undertake the task of mending this speech would find a great deal in it to alter. Thus the charge of misleading the young is not repelled with arguments by any means so cogent as it might have been, nor is sufficient stress by a great deal laid on the fact, that Socrates had done every thing in the service of Apollo, for defending him against the charge of disbelief of the ancient gods: and any one with his eyes only half open may discover other weak points of the like kind, which are not so well grounded in the character of Socrates that Plato should have been compelled to copy them.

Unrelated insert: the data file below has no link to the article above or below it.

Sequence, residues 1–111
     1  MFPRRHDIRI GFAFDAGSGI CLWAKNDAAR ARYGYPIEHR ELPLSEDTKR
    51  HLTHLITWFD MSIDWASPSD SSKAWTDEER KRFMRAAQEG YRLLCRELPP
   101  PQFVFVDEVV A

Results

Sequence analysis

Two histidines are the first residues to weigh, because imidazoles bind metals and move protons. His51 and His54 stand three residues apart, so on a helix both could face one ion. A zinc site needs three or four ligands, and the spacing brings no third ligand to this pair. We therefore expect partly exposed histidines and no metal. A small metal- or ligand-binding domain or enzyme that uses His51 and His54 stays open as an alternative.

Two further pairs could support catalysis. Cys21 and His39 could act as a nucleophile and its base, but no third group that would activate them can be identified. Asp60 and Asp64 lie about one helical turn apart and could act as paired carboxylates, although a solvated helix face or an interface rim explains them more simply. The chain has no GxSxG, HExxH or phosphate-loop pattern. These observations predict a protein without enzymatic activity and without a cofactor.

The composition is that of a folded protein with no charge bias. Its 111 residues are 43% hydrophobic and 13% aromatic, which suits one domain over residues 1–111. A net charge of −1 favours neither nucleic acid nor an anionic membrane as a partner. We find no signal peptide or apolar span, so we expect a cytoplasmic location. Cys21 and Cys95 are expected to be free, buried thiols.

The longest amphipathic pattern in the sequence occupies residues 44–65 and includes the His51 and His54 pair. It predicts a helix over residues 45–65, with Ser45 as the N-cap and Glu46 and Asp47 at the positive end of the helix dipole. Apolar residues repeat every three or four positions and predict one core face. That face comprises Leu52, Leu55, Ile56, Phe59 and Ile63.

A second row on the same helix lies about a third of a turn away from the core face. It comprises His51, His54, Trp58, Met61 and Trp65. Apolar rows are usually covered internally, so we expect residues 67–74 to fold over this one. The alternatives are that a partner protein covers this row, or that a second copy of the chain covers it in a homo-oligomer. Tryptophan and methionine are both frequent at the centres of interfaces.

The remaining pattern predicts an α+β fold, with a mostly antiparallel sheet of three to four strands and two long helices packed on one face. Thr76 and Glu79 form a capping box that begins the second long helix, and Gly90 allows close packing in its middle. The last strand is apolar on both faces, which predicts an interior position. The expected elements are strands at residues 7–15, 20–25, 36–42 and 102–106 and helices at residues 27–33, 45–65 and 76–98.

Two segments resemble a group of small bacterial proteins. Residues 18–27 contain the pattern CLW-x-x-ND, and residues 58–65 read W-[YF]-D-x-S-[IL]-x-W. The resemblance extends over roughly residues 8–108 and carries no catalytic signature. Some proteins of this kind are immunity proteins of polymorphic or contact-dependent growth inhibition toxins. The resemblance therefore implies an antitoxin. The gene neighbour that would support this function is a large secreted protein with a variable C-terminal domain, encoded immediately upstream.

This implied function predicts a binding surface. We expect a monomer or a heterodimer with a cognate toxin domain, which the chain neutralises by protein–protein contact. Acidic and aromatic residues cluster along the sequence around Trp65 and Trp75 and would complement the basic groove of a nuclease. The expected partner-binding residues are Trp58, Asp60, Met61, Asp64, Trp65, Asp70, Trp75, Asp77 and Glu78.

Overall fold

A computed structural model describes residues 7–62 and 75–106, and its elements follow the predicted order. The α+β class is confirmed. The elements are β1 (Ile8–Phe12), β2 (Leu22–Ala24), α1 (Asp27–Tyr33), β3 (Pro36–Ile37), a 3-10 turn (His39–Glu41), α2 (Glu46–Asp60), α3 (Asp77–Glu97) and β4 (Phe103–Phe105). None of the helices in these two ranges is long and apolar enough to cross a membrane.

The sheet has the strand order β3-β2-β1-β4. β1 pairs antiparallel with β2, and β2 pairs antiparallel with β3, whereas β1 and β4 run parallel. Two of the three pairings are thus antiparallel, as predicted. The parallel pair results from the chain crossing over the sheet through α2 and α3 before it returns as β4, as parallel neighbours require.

Nothing therefore is more probable, than that in this speech we possess as faithful a transcript of Socrates' real defence, as Plato's practised memory enabled him to make, allowing for the necessary difference between a written speech and one carelessly spoken. But perhaps some one may say: If Plato, supposing him to be the author of this work, did nothing more than record what he had heard: what reason is there for insisting on this fact, or how can it be known, that it was he, and not some other among the friends of Socrates who were present at the trial? Such an objector, if he is familiar with the style of Plato, need only be referred to the whole aspect of the Apology, which distinctly shows that it can have proceeded from no pen but Plato's. For in it Socrates speaks exactly as Plato makes him speak, a manner in which, so far as we can judge from all we